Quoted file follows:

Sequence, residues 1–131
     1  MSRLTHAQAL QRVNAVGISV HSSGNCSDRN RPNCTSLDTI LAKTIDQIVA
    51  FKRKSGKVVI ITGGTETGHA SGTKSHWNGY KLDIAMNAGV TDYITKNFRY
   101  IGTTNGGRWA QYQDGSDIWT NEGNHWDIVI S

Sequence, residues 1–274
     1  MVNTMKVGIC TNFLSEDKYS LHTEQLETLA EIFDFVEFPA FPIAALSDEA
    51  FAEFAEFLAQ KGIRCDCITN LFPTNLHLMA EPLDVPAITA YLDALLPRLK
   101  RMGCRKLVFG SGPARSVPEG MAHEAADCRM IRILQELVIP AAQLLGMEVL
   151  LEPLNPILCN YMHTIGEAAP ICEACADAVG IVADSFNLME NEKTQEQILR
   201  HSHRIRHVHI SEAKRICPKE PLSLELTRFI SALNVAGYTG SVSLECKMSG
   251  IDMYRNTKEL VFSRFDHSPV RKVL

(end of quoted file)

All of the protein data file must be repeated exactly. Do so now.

Sequence, residues 1–131
     1  MSRLTHAQAL QRVNAVGISV HSSGNCSDRN RPNCTSLDTI LAKTIDQIVA
    51  FKRKSGKVVI ITGGTETGHA SGTKSHWNGY KLDIAMNAGV TDYITKNFRY
   101  IGTTNGGRWA QYQDGSDIWT NEGNHWDIVI S

Sequence, residues 1–274
     1  MVNTMKVGIC TNFLSEDKYS LHTEQLETLA EIFDFVEFPA FPIAALSDEA
    51  FAEFAEFLAQ KGIRCDCITN LFPTNLHLMA EPLDVPAITA YLDALLPRLK
   101  RMGCRKLVFG SGPARSVPEG MAHEAADCRM IRILQELVIP AAQLLGMEVL
   151  LEPLNPILCN YMHTIGEAAP ICEACADAVG IVADSFNLME NEKTQEQILR
   201  HSHRIRHVHI SEAKRICPKE PLSLELTRFI SALNVAGYTG SVSLECKMSG
   251  IDMYRNTKEL VFSRFDHSPV RKVL